Categories
NASCAR Cup Series

Johnson: ‘I’m Hoping We Heat Up’

By Kelly Crandall (LOUDON, N.H.) – No one looks past six-time and defending champion @JimmieJohnson when it comes to the post-season.

He’s still on the radar when it comes to this year’s new Chase for the Sprint Cup as he tries to earn record-tying title number seven. Except, entering New Hampshire Motor Speedway Johnson sits eighth in points following a 12th place finish last weekend in the Chicagoland opener. Much of the talk, so it seems, has been on Johnson’s teammates, @JeffGordonWeb and @DaleJr., or point leader Brad @Keselowski and even @KevinHarvick.

“Honestly, we’re just plugging along,” Johnson said Friday morning. “We’re running well. We’re hopeful to heat up and find some more speed and be more of a dominant car, especially as the Chase wears on.

“But we’re holding our own right now and I’m looking forward to this track, and certainly next weekend (Dover); my favorite racetrack and probably my best track on the circuit. So, we’re just plugging along.”

The newly turned 39-year-old isn’t shy on admitting they’ve been in this position before. Summer slumps leave many wondering what is wrong with the No. 48 team before the Chase begins. This time around, during the seven-week stretch between Kentucky and Michigan, Johnson had just two top-10 finishes and four outside the top-25, which included three crashes.

None of which necessarily classifies Johnson’s season as being different than any before, but he does acknowledge his team is not where they want to be. Three wins in four weeks (May 25 – June 15) put him into the Chase, though he finished the regular season sixth in points.

“I wish I could explain why teams are good and bad and why it’s so hard to be consistent all year long. But, last year, even though we had a tough end of the regular season, we were in position to win a lot of races,” he said.

“And we did win a bunch during the course of the year. We’ve had one hot spot in the middle of the year this year and we’ve kind of been lukewarm on the other sides. I’m hoping we heat up. I’m hoping we get to that hot spot again.”

Gordon led the standings for the majority of the season and now sits second. Harvick has the most poles and Keselowski the most wins. Johnson, however, sits third behind Keselowski and Harvick in laps led (1,035).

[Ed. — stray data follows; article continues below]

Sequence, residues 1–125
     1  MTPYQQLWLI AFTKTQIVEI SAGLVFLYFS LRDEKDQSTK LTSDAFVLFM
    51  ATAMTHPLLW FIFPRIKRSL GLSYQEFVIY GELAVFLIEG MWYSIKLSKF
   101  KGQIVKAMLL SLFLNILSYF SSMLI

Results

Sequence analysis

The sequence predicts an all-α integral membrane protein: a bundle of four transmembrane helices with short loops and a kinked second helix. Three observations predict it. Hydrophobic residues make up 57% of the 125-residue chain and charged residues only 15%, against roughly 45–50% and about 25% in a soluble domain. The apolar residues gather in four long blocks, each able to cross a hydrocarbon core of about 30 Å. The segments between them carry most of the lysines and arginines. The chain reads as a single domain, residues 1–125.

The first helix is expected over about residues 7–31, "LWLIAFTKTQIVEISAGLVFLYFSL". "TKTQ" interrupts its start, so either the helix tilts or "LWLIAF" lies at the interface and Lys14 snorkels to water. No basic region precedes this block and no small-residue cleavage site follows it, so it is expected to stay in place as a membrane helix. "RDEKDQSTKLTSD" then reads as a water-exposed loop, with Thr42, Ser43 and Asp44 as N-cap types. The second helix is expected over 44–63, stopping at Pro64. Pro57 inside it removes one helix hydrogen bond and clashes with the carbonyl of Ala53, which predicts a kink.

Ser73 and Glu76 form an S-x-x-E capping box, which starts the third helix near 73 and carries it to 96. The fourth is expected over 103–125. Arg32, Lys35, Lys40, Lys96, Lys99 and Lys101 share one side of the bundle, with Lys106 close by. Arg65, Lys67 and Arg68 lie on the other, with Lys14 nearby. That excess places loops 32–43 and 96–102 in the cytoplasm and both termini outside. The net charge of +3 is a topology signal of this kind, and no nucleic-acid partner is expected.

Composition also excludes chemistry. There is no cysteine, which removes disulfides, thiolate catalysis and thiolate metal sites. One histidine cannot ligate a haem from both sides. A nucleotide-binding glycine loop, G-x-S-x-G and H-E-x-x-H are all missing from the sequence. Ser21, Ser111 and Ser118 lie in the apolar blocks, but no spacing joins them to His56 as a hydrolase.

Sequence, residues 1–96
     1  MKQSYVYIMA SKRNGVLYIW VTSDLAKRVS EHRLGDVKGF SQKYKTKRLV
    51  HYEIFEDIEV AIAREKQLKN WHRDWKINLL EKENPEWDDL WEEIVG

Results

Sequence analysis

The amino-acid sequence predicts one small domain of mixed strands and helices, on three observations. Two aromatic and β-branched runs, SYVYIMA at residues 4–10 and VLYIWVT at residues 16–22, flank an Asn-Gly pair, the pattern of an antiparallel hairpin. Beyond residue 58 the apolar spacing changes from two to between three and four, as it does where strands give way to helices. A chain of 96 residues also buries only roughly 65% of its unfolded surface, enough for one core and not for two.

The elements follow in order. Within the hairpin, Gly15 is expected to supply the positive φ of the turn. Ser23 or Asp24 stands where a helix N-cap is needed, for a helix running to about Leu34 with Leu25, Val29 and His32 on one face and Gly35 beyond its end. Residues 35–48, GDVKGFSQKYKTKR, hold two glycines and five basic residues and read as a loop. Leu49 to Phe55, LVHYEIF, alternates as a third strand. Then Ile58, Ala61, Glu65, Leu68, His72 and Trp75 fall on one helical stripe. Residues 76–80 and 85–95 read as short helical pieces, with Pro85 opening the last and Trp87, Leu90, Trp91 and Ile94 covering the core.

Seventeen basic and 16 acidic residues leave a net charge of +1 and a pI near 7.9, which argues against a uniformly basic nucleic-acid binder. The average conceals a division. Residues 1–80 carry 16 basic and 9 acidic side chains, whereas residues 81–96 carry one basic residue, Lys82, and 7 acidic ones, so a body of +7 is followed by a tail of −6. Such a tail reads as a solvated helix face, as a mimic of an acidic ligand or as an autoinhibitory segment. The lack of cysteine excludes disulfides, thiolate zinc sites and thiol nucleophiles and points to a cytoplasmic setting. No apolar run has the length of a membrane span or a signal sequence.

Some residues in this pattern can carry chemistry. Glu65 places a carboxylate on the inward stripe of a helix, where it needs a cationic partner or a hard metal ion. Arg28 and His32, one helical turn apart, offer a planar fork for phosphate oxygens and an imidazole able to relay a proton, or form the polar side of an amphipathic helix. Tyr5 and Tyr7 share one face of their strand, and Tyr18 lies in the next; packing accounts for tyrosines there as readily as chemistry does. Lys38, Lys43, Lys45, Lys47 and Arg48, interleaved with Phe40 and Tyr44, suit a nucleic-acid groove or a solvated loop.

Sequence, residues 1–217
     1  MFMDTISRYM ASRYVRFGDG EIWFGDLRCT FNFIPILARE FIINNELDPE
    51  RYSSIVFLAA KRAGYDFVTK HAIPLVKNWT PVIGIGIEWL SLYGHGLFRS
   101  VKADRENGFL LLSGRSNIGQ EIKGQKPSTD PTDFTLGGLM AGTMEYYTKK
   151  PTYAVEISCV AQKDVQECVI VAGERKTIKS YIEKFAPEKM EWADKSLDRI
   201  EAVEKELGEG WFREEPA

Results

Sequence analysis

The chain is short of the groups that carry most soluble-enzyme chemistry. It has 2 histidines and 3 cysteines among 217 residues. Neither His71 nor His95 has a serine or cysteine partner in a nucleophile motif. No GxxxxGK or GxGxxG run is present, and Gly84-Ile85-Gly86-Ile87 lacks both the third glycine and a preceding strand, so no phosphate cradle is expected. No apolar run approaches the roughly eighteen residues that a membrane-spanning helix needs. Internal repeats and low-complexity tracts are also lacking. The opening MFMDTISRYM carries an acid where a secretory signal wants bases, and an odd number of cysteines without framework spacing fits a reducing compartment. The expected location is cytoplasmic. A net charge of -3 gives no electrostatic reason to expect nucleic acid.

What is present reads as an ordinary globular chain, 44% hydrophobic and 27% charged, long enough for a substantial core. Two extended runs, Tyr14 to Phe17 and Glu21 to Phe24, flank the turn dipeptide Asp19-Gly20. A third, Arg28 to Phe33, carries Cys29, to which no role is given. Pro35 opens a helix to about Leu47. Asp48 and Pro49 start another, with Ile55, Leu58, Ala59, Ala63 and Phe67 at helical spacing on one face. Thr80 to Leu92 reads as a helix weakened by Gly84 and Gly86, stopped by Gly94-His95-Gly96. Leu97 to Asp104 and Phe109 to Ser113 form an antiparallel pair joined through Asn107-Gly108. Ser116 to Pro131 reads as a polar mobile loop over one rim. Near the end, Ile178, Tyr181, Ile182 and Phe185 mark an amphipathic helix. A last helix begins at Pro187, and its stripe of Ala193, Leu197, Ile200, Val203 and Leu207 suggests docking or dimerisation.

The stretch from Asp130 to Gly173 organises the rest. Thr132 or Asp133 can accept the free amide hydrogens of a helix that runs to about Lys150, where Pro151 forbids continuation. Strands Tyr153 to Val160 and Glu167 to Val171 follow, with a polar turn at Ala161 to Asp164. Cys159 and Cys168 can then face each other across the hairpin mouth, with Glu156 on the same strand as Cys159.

“You look at the No. 4 (Harvick) and look at the No. 2 (Keselowski) and you look at the No. 24 (Gordon) consistently over the year, those guys have been there. It’s the new rules package. Believe me, we’re working our guts out to find the speed and to be that dominant car,” Johnson said.

“But truthfully, we’re not the dominant car right now. We’re a good car. We still have nine weeks to get our act together; especially the way this Chase lays out, if we continue to get the most out of our good car and have a great car at Homestead, if we’re in that position, then we can get seven. But this is a tough industry.

Last season Johnson was fourth at New Hampshire. Of the next nine Chase races, he’s won at each except for the season finale of Homestead.

“We’re working as hard as we can and I’m happy to see my teammates with speed. And then there’s a couple of guys out there that aren’t in our camp that we’re chasing and just trying to out race them,” he said.

“But they’re amazing race teams and drivers, as well.”

EMAIL KELLY AT kelly.crandall@popularspeed.com

FOLLOW ON TWITTER: @KellyCrandall

Categories
NASCAR Cup Series

Path to Championship Unknown Under New Format

By Matt Weaver (JOLIET, Ill.) — On the eve of the inaugural race of the Chase Grid format at Chicagoland Speedway, it now appears as if there are more ways than ever before to win championships in the NASCAR Sprint Cup Series.

Prior to the introduction of a playoff, drivers were tasked with consistency over 36 races to win the crown. Victories negated bad results but they were not a requisite to contend for the championship. Consider that @MattKenseth won the 2003 title with only a single victory and a 10.3 average finish, leading NASCAR to adopt a playoff format in the first place.